Leading Your First Gang

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(this is a work in progress article)

So you have finally dredged up the guts and courage to lead your first gang! This can be very intimidating, exciting, and nerve-wracking - but it doesn't have to be. The following suggestions are meant to help take some of the pressure off so that you can concentrate on the most important aspect of being an FC: Leading the gang and making the decisions.

Keep it simple.

  • Organize single hull type gangs (such as an all-Frigate gang), in particular, choose to lead gangs consisting of ships you are already very familiar with the abilities of.
  • Limit your gang to just one or two scouts/skirmishers. Data overload is real - you are more likely to freeze up because you have too many choices than not enough choices.
  • Move the fleet in a linear fashion. Set a destination that is in a mostly-straight-line from your current location and head there, avoid getting distracted by side systems. Then when you arrive (assuming you survived that long), head back the same direction. Hopefully, opponents have had time to form up to fight you on your return trip!

Delegate, delegate, delegate.

Anything that someone else can do, should be done by someone else. Your primary job as FC is to make decisions, if you are trying to scout, recon, send reinvites, and analyze the map all at the same time, you won't do any of it well. As FC, it is not your job to do everything. Ask for volunteers or delegate gang members to take care of the following administrative tasks for you:

  • Map Duty: Someone keeps maps open to watch for possible hot spots for fights (or places to avoid), plans escape routes, and generally keeps tabs on where the gang is in relationship to the rest of the region. This person may or may not make suggestions for scouts and skirmishers to check out.
  • Local Duty: Watches for local changes
  • Dscan Duty: Watches for changes in dscanner
  • Fleet Management: Fleet invites, reinvites, and general fleet organization. This is usually the XO but it can be anyone.
  • Broadcaster: One person who broadcasts all your orders, including target calls. This is usually the XO but it can be anyone.

Trust your pilots.

No one person can be an expert on everything, and this is even more true in Eve. You are not expected to know everything there is to know in Eve, nor are you expected to be an expert on what everyone else in the fleet should be doing.

  • Don't micromanage. As a first-time FC, the odds are high that most of the pilots in your gang know more than you do about their jobs. Trust that they know what they are doing, and let them do their job.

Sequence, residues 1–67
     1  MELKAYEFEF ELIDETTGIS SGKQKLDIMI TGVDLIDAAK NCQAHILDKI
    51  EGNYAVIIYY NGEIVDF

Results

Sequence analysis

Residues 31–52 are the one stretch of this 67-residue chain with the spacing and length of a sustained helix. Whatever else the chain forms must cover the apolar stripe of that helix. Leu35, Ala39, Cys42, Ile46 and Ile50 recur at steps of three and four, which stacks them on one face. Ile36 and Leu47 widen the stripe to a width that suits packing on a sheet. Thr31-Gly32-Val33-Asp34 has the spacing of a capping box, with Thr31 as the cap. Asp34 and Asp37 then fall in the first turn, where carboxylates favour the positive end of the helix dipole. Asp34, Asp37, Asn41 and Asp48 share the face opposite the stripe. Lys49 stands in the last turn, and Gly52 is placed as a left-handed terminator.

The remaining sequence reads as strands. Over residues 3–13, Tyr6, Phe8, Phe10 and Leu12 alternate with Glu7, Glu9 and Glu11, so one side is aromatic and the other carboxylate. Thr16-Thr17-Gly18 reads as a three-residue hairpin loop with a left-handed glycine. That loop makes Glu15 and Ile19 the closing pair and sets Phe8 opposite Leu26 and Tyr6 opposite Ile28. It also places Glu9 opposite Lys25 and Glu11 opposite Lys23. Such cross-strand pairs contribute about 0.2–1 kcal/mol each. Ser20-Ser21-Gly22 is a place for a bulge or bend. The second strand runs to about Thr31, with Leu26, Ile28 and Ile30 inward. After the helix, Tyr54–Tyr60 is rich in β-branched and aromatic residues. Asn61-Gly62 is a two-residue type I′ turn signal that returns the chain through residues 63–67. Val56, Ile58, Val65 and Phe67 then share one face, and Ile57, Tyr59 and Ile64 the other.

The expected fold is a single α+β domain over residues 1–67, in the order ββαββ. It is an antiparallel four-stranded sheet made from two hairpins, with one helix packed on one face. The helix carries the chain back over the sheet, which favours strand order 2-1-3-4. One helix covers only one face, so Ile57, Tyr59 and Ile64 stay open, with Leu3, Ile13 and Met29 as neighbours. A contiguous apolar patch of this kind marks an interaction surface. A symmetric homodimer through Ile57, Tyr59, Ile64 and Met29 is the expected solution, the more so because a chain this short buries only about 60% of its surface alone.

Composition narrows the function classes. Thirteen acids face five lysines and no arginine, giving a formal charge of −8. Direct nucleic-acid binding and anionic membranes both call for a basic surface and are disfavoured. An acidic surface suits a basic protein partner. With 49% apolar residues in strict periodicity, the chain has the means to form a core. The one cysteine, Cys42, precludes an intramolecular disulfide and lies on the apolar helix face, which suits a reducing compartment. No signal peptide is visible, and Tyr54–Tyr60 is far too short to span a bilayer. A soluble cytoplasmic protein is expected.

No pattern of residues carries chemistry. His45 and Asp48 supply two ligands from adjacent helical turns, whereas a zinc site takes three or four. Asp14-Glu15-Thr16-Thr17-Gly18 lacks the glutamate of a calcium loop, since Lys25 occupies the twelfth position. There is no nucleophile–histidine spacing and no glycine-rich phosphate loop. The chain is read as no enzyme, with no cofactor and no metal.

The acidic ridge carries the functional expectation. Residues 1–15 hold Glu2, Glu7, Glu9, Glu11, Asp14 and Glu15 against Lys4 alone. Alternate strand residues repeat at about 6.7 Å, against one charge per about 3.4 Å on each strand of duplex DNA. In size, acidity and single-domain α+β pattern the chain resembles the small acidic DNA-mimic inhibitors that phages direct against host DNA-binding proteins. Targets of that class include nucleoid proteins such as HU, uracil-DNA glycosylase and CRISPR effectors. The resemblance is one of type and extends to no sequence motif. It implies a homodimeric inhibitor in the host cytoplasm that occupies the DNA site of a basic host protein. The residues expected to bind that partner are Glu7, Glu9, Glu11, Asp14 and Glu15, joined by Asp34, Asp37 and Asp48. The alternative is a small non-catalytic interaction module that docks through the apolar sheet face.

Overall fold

• Good example: "Skirmisher, go +1 please."
    • Bad example: "Skirmisher, move ahead of the fleet by one system, and don't move to the next gate until we enter the system. Then don't go into the next system until we're in warp, be sure you don't break cloak until you have hit your dscanner when you hop into the next system, okay?"
    • Good example: "Jam those logis"
    • Bad example: "I want you to jam the logistics. Make sure you use the blue jammers on those basilisk, and don't start jamming until you are at 85km. Once you are at 85km, then start jamming. Only put one jammer on at a time. If that jam misses, then put your second jam on. If that one misses, put your third one on."

Don't over-think target calling.

It's WAY too easy to get caught up in wasting time picking the "right" primary, meanwhile, while you are fussing about trying to make the "right" decision the opponent is decimating your fleet. The following are some simple primary targeting philosophies that will rarely fail you:

  • If it is tackled, kill it.
    • It makes no sense to spend a ton of time and ammo on a big shiny target that can simply warp away at will, or to sit there not shooting anything while you wait for someone to get tackle on the shiny ship.
  • If it is easy to kill, kill it.
    • It is better to pick on all those easy-to-kill light targets first, then focus on the shiny big stuff.
  • If it isn't dying, pick something else.
  • When it doubt, pick whatever is closest.
    • It is better to pick something, ANYTHING, than to not call anything at all.

Keep it fun.

  • Set goals for the gang that are simple and fun, or at least have the potential to be fun. Maybe the goal is to see how deep into nullsec you can travel before everyone dies, or how many pirates in lowsec you can kill, or maybe we're just going to be hunting ratters today.
  • More often than not, the proper response to mistakes is gentle understanding laughter.
  • Never forget this is a game.